KFF Daily Global Health Policy Report
In The News
- International Community Begins Rescue, Humanitarian Efforts In Nepal After 7.8 Magnitude Earthquake Kills More Than 3,800
Agence France-Presse: Death toll rises to 3,800 in Nepal earthquake
“Nepalis started fleeing their devastated capital on Monday after an earthquake killed more than 3,800 people and toppled entire streets, as the United Nations prepared a “massive” aid operation…” (Mathema/Bagga, 4/27).
Associated Press/Huffington Post: Almost One Million Children In ‘Urgent Need’ Of Aid After Nepal Earthquake
“There is still time to save lives — that’s why governments and aid agencies Sunday rushed doctors, volunteers, and equipment to Nepal without waiting for the dust to settle. U.N. spokeswoman Orla Fagan, who is heading to Nepal, said preventing the spread of disease is one of the most important tasks facing aid workers who are arriving…” (Katz, 4/27).
Economic Times: Nepal Earthquake: Health Ministry rushes doctors, medicines to quake-hit country
“[India’s] health ministry said on Sunday that it has rushed medicines and a team of doctors to Nepal after the Himalayan country suffered a devastating earthquake on Saturday which has left over [3,800] dead so far…” (4/27).
New York Times: Villages Near Nepal Earthquake’s Epicenter Are Desperate as Death Toll Tops 3,800
“Residents of remote mountain villages at the epicenter of Nepal’s powerful earthquake said on Monday that they were running out of food, and that two days after the quake they had seen no sign of outside assistance…” (Fuller, 4/27).
New York Times: Earthquake Aftershocks Jolt Nepal as Death Toll Rises Above 3,400
“…By Monday afternoon, Nepalese authorities had sharply raised the death toll to more than 3,400, but the full extent of the devastation and death was still unclear. It was that uncertainty, over what the earthquake had wrought and what the future might hold, that spread fear and anxiety across Nepal…” (Fuller/Buckley, 4/26).
New York Times: Nepal Earthquake Poses Challenge to International Aid Agencies
“…In the aftermath of the disaster, which has killed more than 3,200 people, injured about 5,900, and left many more homeless, development workers said that continued aftershocks, a crippled transportation network, and the loss of power in parts of the country had made it tough to search for survivors and distribute much-needed supplies…” (Scott, 4/26).
Reuters: U.S. sending disaster team, initial $1 million to Nepal: Kerry
“The United States will send disaster response and rescue teams to Nepal and has authorized an initial $1 million in aid after a major earthquake killed hundreds in the mountainous Asian nation, U.S. Secretary of State John Kerry said on Saturday…” (Lamber, 4/25).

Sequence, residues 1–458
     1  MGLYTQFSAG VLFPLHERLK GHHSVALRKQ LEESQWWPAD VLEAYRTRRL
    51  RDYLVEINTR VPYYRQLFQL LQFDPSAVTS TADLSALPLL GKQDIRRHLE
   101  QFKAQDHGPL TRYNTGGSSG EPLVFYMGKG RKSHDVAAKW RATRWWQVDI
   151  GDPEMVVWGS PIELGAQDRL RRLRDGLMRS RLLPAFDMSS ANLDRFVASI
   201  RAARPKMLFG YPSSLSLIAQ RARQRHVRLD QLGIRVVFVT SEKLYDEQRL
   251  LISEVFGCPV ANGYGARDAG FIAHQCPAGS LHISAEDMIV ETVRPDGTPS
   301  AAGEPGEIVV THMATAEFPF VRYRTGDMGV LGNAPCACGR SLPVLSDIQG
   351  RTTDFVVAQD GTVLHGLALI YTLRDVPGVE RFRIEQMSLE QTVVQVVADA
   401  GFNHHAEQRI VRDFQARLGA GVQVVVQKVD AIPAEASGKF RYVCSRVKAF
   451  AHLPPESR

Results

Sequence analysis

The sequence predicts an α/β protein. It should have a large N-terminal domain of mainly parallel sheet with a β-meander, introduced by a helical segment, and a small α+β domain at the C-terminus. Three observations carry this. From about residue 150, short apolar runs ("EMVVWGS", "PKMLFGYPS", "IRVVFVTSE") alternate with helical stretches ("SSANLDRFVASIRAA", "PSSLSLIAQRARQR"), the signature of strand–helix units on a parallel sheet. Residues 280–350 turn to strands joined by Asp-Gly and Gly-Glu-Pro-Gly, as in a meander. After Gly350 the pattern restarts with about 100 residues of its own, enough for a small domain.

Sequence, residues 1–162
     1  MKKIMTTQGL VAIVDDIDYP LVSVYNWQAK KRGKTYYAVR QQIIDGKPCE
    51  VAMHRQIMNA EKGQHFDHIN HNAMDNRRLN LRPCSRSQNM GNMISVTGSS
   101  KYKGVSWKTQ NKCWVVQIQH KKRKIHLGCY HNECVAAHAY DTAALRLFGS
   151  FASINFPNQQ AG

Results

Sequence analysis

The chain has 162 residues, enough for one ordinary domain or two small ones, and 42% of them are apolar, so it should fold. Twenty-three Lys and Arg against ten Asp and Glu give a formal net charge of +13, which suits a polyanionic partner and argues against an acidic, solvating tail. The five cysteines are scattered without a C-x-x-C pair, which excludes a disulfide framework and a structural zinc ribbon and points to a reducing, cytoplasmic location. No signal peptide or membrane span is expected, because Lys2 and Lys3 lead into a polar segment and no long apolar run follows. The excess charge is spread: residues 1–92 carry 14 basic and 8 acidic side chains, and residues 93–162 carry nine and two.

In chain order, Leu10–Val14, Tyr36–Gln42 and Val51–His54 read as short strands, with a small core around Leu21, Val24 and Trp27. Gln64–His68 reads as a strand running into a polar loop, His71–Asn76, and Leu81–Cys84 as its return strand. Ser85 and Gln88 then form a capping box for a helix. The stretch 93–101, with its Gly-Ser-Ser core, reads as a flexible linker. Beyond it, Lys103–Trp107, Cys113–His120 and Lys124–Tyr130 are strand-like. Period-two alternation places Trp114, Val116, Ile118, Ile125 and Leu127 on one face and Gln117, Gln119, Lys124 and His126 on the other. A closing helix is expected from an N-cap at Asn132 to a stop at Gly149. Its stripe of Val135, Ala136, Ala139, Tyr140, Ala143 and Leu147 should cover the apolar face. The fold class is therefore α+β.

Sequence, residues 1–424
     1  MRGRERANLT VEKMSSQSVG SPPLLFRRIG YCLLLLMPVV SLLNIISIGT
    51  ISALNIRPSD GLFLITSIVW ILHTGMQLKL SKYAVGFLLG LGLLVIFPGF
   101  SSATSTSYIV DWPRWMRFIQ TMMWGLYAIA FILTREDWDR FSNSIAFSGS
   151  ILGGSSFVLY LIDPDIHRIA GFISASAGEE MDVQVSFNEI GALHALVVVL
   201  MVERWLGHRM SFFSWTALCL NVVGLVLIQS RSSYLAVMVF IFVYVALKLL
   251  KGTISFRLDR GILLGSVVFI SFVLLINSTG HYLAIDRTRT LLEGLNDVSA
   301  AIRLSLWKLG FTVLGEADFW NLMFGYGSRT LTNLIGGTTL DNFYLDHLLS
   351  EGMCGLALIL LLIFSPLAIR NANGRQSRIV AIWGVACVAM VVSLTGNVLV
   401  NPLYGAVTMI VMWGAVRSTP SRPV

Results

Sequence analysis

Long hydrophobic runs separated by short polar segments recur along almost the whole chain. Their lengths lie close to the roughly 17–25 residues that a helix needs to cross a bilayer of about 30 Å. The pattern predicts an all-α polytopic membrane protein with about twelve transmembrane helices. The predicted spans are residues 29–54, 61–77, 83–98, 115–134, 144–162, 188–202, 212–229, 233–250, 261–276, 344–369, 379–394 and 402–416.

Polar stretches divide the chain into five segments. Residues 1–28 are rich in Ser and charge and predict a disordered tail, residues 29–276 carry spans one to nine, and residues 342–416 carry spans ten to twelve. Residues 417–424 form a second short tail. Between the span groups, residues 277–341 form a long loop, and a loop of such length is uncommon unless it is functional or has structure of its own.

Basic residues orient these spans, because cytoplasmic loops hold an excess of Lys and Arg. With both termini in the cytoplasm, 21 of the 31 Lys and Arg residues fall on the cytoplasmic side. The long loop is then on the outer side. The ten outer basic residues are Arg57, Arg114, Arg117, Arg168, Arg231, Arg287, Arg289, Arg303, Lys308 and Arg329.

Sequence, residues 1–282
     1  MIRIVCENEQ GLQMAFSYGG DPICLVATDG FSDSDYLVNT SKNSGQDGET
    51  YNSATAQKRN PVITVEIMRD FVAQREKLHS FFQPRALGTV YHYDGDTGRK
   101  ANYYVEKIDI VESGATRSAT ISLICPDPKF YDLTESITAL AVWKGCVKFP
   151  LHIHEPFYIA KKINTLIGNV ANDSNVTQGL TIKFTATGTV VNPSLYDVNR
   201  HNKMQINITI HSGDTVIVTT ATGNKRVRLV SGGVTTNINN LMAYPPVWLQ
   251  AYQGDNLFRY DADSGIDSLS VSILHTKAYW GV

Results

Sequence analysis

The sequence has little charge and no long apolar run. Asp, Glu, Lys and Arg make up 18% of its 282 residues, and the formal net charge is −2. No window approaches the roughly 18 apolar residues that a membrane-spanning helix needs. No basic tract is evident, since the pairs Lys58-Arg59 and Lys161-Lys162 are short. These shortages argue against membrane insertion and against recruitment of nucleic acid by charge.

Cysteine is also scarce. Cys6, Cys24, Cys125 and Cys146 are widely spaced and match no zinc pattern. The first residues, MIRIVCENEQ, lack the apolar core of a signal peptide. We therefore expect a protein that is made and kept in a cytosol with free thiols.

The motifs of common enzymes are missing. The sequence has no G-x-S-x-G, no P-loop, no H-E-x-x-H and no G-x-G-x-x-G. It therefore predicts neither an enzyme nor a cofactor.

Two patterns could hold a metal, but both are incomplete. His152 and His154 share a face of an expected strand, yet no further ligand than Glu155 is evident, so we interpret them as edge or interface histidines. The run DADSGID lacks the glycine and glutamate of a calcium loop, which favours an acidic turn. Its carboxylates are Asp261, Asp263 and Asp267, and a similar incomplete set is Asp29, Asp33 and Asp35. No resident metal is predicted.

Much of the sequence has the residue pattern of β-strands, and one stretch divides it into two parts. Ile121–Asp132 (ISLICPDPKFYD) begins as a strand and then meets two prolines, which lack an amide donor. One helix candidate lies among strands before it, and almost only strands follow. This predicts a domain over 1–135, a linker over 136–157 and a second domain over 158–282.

U.N. News Centre: U.N. responds to destruction, displacement in wake of Nepal earthquake
“…[Under-Secretary-General of Humanitarian Affairs and Emergency Relief Coordinator, Valerie Amos,] said U.N. agencies were working with humanitarian partners in Nepal, supporting the government and other partners. The World Food Programme (WFP) was providing food items, the U.N. Children’s Fund (UNICEF) was sending tents and health care supplies, and the World Health Organization (WHO) had distributed medical supplies to cover the immediate needs of 40,000 people…” (4/26).
Wall Street Journal: Nepal Earthquake: India and China Send Rescue Teams to Himalayan Nation
“India and China rushed rescue teams and other assistance to earthquake-hit Nepal, a strategically important neighbor for the two Asian giants, which are jostling for influence in the Himalayan nation…” (Mandhana/Hutzler, 4/26).
Washington Post: Death toll rises to 3,800 in Nepal earthquake
“With international aid beginning to flow but desperation still rising, rescue crews in Nepal expanded helicopter searches Monday into remote villages believed to be the worst hit from a massive earthquake that’s already claimed more than 3,800 lives. The flights deep into the Himalayan valleys highlighted worries that the death toll could still rise from Saturday’s 7.8 magnitude quake that flattened densely populated areas near Kathmandu, toppled centuries-old monuments, and buried Everest base camp with a deadly avalanche of snow and jagged ice…” (Lakshmi/Gowen, 4/27).
- U.N.'s Ban Calls For Continued Investment In Global Malaria Efforts
U.N. News Centre: Welcoming progress in fight against malaria, Ban calls for more work to continue momentum
“In a message to mark World Malaria Day [on Saturday], the United Nations Secretary-General said that better access to insecticide-treated bed nets and greater availability of accurate diagnostics and effective treatment were the main reasons why the U.N. health agency reported in 2014 that the rate at which people are dying from malaria had halved since the turn of the century…” (4/25).
- News Outlets Recognize World Malaria Day With Reports On Disease Treatment, Prevention
The Guardian: ‘When people come with severe malaria, it is like a race against time’
“In her 12-square-meter outpost in Ethiopia’s Oromia region, Nure Kieltaji represents the frontline in the fight against malaria. She works as a community health worker, one of two people offering basic primary health care to more than 1,000 people in her village Dembel Dildila…” (Kweifio-Okai, 4/25).
PBS NewsHour: How maps packed with data help scientists fight malaria